Research Preparation Examination: Pravesh Kothari, GDC 4.816

Contact Name: 
Lydia Griffith
Oct 11, 2013 11:00am - 12:00pm

Research Preparation Examination: Pravesh Kothari

Date: Oct 11, 2013
Time: 11 am
Committee Members: Adam Klivans (Chair), Pradeep Ravikumar, David Zuckerman
Place: GDC 4.816

Title: Representation, Approximation and Learning of Submodular Functions Using Low-Rank Decision Trees

We study the complexity of approximate representation and learning of submodular functions over the uniform distribution on the Boolean hypercube. Our main result is the following structural theorem: any submodular function is $\epsilon$-close in $\ell_2$ to a real-valued decision tree (DT) of depth $O(1/\epsilon^2)$. This immediately implies that any submodular function is $\epsilon$-close to a function of at most $2^{O(1/\epsilon^2)}$ variables (independent of the ambient dimension) and has a spectral $\ell_1$ norm of $2^{O(1/\epsilon^2)}$. It also implies the closest previous result that states that submodular functions can be approximated by polynomials of degree $O(1/\epsilon^2)$ (Cheraghchi et al., 2012). Our result is proved by constructing an approximation of a submodular function by a Decision Tree of rank $4/\epsilon^2$ and a proof that any rank-$r$ DT can be $\epsilon$-approximated by a DT of depth $\frac{5}{2}(r+\log(1/\epsilon))$.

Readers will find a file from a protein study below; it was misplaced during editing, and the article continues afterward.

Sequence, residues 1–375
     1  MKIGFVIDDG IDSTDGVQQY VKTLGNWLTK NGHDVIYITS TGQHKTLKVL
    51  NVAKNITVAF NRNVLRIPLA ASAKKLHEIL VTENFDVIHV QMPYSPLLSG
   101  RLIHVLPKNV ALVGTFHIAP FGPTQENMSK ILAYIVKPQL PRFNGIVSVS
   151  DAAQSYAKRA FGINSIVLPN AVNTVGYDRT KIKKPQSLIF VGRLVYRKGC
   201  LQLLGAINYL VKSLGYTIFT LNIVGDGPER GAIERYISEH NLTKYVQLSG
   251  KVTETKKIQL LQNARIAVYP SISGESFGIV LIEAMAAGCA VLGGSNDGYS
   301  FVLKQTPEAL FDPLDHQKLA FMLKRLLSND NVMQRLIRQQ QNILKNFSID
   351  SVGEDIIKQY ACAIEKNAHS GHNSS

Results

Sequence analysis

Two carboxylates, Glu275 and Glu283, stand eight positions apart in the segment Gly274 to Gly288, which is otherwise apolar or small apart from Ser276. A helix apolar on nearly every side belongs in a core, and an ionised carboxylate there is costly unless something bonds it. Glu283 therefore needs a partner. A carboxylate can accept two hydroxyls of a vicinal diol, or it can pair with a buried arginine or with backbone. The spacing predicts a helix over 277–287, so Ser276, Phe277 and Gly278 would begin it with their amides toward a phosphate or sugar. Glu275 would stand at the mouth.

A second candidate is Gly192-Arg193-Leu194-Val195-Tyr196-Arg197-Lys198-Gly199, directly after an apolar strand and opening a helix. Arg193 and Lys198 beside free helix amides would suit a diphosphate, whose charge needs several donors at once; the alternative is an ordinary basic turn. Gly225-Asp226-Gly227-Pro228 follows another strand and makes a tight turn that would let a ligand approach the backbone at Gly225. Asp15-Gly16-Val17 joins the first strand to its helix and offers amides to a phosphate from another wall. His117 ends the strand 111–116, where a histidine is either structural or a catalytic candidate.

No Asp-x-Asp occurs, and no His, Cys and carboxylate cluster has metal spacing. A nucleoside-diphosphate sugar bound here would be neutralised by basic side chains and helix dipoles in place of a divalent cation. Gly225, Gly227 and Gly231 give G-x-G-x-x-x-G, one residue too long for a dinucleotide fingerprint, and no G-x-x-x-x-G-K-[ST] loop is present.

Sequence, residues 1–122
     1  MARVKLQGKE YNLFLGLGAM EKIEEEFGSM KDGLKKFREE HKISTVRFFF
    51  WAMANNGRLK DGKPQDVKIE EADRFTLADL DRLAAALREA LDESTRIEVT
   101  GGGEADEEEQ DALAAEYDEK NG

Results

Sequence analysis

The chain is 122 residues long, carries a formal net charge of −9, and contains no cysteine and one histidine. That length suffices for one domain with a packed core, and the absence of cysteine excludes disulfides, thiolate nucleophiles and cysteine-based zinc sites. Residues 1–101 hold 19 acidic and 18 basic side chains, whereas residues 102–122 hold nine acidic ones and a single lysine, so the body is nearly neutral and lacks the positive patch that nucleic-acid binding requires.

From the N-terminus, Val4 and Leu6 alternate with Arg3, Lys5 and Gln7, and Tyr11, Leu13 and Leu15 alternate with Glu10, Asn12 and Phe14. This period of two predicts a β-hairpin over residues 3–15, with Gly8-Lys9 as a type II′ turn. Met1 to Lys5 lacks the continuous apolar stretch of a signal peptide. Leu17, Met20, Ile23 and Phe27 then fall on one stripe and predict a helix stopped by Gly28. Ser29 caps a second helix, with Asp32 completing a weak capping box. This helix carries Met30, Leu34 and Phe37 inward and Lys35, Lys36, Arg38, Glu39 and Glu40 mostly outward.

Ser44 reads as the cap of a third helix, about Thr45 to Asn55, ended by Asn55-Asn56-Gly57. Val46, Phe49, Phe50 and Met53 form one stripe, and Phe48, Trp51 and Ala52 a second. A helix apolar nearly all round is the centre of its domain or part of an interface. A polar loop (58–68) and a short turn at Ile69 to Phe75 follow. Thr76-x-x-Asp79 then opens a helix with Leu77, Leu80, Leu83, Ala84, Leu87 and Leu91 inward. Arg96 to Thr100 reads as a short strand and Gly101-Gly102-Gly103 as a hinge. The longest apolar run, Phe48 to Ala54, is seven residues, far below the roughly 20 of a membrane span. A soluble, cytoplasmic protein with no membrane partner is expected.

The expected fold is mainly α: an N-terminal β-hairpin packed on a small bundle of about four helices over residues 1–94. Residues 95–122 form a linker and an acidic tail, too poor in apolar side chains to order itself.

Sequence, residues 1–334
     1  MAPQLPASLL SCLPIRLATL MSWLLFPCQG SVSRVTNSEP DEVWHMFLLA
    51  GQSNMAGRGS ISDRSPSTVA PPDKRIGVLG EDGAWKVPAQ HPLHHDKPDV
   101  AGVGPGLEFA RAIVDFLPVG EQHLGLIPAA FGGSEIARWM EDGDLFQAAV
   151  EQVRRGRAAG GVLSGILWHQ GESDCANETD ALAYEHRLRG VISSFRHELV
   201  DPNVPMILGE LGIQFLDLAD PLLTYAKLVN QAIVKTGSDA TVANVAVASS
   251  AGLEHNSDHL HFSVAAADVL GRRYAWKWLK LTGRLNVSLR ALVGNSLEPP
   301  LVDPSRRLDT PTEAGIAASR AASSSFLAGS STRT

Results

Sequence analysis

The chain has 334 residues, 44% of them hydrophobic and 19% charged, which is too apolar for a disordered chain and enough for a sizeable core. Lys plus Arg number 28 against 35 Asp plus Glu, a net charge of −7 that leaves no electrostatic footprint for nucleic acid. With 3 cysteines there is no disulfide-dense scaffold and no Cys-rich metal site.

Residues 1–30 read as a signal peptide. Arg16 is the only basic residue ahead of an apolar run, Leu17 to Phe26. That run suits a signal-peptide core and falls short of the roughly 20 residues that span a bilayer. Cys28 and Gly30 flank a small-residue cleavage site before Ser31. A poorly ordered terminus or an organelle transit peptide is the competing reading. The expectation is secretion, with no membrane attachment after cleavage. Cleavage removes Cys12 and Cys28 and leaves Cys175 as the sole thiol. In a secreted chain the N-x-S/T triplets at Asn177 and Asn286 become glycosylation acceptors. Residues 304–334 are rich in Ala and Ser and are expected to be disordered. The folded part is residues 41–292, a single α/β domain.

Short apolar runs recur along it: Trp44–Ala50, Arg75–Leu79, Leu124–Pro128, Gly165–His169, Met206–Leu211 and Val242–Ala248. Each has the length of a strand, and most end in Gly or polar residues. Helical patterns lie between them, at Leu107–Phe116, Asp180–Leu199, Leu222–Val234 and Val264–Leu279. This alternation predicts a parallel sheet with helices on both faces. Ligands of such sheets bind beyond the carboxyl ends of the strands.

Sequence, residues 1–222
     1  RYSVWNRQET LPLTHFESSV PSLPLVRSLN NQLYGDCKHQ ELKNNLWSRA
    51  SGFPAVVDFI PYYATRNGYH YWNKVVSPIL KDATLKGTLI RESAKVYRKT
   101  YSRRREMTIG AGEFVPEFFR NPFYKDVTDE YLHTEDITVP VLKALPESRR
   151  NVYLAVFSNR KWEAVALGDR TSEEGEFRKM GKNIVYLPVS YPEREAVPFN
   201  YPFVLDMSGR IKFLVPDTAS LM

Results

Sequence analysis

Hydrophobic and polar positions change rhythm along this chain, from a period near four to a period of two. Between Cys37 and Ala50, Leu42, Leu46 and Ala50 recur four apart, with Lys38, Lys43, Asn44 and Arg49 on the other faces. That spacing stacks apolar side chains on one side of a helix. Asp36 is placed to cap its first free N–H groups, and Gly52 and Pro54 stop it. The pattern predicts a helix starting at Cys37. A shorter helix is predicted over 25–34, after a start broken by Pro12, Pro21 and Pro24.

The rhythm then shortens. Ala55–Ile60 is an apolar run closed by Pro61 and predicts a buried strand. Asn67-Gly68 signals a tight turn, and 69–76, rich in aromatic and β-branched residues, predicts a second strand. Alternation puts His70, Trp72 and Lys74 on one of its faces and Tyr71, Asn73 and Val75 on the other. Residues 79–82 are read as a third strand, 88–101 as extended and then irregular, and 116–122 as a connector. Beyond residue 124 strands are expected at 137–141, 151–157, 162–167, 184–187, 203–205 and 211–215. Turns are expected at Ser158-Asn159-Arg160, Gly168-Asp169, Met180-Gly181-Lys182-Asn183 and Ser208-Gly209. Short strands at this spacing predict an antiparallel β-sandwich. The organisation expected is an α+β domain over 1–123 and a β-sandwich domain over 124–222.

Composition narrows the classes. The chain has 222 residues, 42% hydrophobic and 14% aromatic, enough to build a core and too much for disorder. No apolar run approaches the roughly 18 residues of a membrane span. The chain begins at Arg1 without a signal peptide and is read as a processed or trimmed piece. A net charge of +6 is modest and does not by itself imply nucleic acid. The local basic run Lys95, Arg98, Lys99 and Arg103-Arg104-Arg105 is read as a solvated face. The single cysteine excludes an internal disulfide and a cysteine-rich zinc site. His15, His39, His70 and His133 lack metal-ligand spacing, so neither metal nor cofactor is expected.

We show that these structural results can be exploited to give an attribute-efficient PAC learning algorithm for submodular functions running in time $\tilde{O}(n^2) \cdot 2^{O(1/\epsilon^{4})}$. The best previous algorithm for the problem requires $n^{O(1/\epsilon^{2})}$ time and examples (Cheraghchi et al., 2012) but works also in the agnostic setting. In addition, we give improved learning algorithms for a number of related settings.

We also prove that our PAC and agnostic learning algorithms are essentially optimal via two lower bounds: (1) an information-theoretic lower bound of $2^{\Omega(1/\epsilon^{2/3})}$ on the complexity of learning monotone submodular functions in any reasonable model; (2) computational lower bound of $n^{\Omega(1/\epsilon^{2/3})}$ based on a reduction to learning of sparse parities with noise, widely-believed to be intractable. These are the first lower bounds for learning of submodular functions over the uniform distribution.